Ours is a culture whose preoccupation with criminality and justice has come to be, in clinical terms, fetishistic. From playing cops and robbers and jailbreak as kids to spending quiet evenings watching the most depraved criminal acts committed and punished on “CSI” or “Law and Order,” we seek a position overlooking the scene of the crime or in the gallery at the trial, alternately rooting for the quirky detective, the ingenious criminal, the hooker with the heart of gold, etc.
The psychosocial reasoning behind fiction in general is a tangled mess, and determining the cultural benefits of our preoccupation with stories about crime and punishment is as intriguing as it is difficult. One perspective has it that the safely unreal distance of fiction’s facsimile establishes a space where, one page at a time, one channel after another, different combinations of cause and effect are played out almost invariably culminating in a precise re-creation of existing social morality. Hard work and smarts pay off in the end. People who break the rules will get punished sooner or later. It’s amazing how much time we spend repeating these messages to ourselves.
I walked into the gas station to buy some cigs the other day and, once again, caught site of a relatively new publication called Crime Times that has graced the counter of my neighborhood corner store for about a year now. The self-described “Best Mug Shot Mag on the Market” is composed of one page after the next of recent arrest photos in the Metro area with the charges listed below them. My impulse is to say the magazine is a complete and unmitigated piece of shit because, well, it really is. As I always invariably do, I picked it up, made a disapproving face accompanied by the tsk tsk noise, feeling a little bit more disenfranchised. I pressed pause on my iPod and stopped listening to the audio version of “The Girl with the Dragon Tattoo,” one of the most graphically brutal novels I’ve ever willfully endured, long enough to politely thank the store clerk for the pack of cigs and register my complete contempt for a magazine that is, in effect, a circulating for-profit pillory of alleged criminality in my community.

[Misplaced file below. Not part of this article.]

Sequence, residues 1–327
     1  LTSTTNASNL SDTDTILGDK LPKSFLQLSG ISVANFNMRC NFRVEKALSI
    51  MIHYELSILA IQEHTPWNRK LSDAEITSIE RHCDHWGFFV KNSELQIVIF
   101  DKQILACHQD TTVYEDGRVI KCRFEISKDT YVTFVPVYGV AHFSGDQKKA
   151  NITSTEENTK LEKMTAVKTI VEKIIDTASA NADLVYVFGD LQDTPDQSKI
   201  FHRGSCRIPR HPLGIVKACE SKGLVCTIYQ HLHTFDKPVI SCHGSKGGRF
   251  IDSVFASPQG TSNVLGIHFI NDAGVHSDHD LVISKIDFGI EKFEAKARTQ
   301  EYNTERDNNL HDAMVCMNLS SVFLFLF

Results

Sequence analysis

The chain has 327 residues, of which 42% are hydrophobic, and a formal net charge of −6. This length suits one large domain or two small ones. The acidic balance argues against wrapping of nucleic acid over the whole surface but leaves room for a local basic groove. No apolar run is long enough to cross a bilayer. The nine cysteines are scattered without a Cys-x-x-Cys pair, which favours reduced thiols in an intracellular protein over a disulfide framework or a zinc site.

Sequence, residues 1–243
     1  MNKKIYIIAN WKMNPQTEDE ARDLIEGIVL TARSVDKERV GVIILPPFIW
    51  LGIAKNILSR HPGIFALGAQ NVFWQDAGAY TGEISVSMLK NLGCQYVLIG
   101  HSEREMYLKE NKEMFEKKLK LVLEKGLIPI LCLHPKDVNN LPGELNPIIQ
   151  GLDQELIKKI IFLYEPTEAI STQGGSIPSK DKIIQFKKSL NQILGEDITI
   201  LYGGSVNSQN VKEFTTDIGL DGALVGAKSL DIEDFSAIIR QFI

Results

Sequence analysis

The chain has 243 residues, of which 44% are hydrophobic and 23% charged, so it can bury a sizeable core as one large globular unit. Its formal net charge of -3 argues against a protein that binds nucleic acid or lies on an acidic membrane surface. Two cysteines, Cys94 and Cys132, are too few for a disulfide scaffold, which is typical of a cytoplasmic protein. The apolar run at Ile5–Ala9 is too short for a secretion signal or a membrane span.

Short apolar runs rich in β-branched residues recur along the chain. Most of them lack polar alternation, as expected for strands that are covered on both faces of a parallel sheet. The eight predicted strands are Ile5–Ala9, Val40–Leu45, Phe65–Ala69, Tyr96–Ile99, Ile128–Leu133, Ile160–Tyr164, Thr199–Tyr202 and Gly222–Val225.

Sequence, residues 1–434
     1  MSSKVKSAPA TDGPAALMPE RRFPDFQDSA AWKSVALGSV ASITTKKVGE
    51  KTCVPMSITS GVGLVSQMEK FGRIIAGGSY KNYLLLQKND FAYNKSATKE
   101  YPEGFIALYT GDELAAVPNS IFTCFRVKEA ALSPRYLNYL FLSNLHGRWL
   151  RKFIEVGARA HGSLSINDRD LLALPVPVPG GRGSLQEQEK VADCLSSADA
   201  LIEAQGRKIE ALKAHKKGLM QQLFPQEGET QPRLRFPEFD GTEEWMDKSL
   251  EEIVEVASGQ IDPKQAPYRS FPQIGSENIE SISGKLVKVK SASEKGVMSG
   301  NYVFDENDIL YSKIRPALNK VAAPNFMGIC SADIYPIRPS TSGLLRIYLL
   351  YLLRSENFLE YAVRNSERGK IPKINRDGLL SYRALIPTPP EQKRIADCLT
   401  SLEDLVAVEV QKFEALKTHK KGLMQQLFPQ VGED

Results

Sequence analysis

I was down the block before I noted the way I’d simultaneously interacted with these two representations of criminality: one that I begrudgingly approved of, and another that seemed unbearable. It was a dizzyingly perfect storm of contradictory but irrevocably associated impulses and judgments. Briefly stated, my question was this: Why did voluntarily engaging with really awful fictionalized crime seem natural and palatable, while the circulation of arrest photos from the city where I live seem really sick?
Once home, I made a few calls and ended up speaking with a helpful and enthusiastic officer in the records department at Louisville Metro Police. I asked how a regular citizen gains access to mug shots and told him I was interested in Crime Times. “It’s all public record. You just come down here and buy ’em. They’re about $3 a pop. A lot of people think we’re the ones who put that magazine out. We don’t have anything to do with it. It’s all public record.” I found it interesting that “a lot of people” think the police department is responsible for Crime Times, and it speaks to one tiny part of what has confused me so much about what was supposed to be a simple trip to the store.
What bothers me most about Crime Times is not the way it visually and contextually associates society’s most disgusting criminality (namely pedophilia) with pretty boring infractions like marijuana possession, thus reproducing them as somehow similar. Nor is it the rank opportunism of a private, for-profit enterprise commodifying and reselling alleged criminal acts and normalizing a culture of surveillance to boot. That’s just obviously fucked up.
What unsettles me the most is that the magazine — thinly veiled as some public service (everybody knows that photographs of convicted sex offenders are available online and searchable by ZIP code, right?) — is actually in the business of providing entertainment in the form of public recreational voyeurism that hinges on actual or alleged crimes. This conflation of the expectations of the real and the desire to be entertained seems like a dangerous conflation of the fictional and the actual.
How long before we’re all watching the new hit show “The Running Man”?